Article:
From his music to entrepreneurship, Nipsey, born Ermias Asghedom, was a self-made success story, building an empire on his own terms. In celebration of his life, XXL takes a look at 11 times Nipsey shared words of wisdom.
Check out his memorable words below.
“All that is cool for the image and all of that. But all them is liabilities. You feel me? I’d rather invest in some real estate… Invest in some assets as opposed to trick off my money on some liabilities like diamonds, you know what I’m saying? Cars that lose value as soon as you drive them off the lot… a real asset, [to] take care of my peoples, because you know, it look good but at the end of the day, you losing value, homie. It ain’t appreciating, it’s depreciating... Material things ain’t nothing. You feel me? At the end of the day, it’s who you is. You wasn’t born with it, you gon’ die without it.”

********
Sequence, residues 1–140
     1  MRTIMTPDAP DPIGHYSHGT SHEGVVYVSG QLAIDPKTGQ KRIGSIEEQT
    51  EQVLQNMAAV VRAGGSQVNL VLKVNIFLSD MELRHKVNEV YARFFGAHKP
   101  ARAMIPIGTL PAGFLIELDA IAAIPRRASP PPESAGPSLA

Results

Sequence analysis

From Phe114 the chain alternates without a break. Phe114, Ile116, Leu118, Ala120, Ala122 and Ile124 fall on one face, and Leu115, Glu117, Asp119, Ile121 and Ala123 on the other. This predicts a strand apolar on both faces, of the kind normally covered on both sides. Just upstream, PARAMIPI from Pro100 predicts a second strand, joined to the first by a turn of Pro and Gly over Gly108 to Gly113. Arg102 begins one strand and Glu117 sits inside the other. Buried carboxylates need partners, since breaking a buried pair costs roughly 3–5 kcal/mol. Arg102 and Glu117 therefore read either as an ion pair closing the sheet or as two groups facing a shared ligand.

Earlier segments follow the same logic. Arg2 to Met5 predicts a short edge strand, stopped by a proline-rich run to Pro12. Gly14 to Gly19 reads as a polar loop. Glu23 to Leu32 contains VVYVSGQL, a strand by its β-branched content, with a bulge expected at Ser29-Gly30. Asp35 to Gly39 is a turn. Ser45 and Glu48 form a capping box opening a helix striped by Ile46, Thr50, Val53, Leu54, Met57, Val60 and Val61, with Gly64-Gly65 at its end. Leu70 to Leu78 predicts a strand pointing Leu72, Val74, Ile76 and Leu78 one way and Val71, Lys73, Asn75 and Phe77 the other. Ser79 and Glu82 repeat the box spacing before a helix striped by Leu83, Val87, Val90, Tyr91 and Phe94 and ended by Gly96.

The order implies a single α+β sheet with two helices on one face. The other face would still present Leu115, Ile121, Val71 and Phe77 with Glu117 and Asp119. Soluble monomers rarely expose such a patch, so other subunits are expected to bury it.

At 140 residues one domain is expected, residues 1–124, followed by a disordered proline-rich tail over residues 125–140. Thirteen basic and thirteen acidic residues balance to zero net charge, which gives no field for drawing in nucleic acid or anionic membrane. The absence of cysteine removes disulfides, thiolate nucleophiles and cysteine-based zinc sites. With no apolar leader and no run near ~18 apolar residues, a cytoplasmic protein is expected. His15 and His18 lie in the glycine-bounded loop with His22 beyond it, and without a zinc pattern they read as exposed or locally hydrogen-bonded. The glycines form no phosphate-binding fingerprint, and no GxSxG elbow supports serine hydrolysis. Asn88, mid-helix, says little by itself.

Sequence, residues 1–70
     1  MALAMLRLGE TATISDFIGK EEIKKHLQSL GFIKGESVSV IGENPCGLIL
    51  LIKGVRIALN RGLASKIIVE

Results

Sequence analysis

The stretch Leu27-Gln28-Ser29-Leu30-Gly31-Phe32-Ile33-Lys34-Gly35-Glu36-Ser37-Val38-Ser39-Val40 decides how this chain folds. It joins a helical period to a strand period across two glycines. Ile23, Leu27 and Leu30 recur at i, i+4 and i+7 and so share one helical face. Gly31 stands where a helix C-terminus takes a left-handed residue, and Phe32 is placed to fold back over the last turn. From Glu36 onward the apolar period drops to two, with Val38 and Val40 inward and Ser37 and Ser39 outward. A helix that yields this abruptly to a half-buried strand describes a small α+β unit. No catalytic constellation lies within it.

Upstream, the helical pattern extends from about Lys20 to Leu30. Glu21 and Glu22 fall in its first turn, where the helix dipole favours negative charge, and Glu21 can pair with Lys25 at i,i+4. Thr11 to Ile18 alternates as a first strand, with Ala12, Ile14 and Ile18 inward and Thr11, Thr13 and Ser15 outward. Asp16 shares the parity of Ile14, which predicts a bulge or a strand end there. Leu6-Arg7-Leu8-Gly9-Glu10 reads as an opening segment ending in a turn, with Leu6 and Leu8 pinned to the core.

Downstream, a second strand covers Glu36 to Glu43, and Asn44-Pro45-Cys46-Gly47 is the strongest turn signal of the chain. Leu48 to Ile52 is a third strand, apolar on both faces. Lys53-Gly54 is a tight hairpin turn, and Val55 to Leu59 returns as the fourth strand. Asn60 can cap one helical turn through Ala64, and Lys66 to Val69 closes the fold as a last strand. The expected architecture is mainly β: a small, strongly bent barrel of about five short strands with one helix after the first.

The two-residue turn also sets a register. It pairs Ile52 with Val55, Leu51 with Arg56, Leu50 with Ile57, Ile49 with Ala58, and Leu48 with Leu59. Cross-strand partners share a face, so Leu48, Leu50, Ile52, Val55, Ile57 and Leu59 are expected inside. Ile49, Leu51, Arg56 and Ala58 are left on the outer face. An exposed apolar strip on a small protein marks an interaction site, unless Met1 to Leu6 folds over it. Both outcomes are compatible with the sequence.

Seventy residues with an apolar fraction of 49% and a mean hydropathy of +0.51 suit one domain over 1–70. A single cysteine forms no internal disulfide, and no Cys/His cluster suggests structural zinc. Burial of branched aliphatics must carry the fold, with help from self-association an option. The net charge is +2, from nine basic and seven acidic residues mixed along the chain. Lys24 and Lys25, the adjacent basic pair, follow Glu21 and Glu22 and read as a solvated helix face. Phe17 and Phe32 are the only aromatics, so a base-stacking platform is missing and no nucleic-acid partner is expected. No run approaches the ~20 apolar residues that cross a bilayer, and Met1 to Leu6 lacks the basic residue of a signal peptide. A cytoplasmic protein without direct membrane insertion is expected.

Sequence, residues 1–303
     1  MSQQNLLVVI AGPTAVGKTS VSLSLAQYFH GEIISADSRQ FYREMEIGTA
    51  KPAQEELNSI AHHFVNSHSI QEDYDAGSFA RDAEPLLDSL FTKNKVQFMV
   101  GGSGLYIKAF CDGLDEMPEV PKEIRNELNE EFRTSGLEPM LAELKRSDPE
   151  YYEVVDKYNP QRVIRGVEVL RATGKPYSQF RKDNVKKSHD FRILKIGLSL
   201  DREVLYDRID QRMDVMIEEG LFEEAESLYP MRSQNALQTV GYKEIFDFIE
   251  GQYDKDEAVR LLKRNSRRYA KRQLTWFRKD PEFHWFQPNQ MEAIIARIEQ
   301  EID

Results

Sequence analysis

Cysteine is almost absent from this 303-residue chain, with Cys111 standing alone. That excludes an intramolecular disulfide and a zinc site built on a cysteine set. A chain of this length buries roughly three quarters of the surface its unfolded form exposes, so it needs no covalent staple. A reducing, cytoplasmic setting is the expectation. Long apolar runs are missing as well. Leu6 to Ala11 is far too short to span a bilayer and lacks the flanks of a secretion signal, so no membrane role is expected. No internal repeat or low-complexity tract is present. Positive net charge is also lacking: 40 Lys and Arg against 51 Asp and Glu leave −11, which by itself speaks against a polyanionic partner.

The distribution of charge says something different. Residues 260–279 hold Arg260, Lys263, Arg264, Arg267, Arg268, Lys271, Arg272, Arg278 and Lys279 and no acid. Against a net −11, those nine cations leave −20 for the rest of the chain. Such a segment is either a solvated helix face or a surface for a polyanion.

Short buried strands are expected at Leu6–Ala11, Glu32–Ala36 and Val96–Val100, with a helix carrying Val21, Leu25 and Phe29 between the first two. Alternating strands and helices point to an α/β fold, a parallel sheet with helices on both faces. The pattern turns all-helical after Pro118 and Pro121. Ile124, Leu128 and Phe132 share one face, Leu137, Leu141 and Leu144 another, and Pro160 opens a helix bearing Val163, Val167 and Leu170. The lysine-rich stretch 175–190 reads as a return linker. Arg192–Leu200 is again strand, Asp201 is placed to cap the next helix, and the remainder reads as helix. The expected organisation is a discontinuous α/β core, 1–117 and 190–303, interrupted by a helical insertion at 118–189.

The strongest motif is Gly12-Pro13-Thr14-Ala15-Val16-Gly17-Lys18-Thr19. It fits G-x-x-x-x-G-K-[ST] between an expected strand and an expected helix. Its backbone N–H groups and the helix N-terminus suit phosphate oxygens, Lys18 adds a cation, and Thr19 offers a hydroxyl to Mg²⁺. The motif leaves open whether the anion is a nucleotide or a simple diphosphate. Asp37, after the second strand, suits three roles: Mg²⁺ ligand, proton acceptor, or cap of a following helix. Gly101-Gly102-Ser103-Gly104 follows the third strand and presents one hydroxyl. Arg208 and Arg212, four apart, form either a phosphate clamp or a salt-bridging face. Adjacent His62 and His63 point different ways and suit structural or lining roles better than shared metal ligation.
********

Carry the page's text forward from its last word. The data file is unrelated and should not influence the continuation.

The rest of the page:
“I own my company. I own the asset of this whole industry which is your masters, your intellectual property, you know what I’m saying, your publishing. So, you know, your metrics and what you gauge [as] an achievement is actually a peon, underboss way of looking at it. Because, you know like, I’m not in it for the fame. Everybody wanna be seen and held at the highest regard obviously but, you know, you can’t cash that out, you can’t take that to the bank.”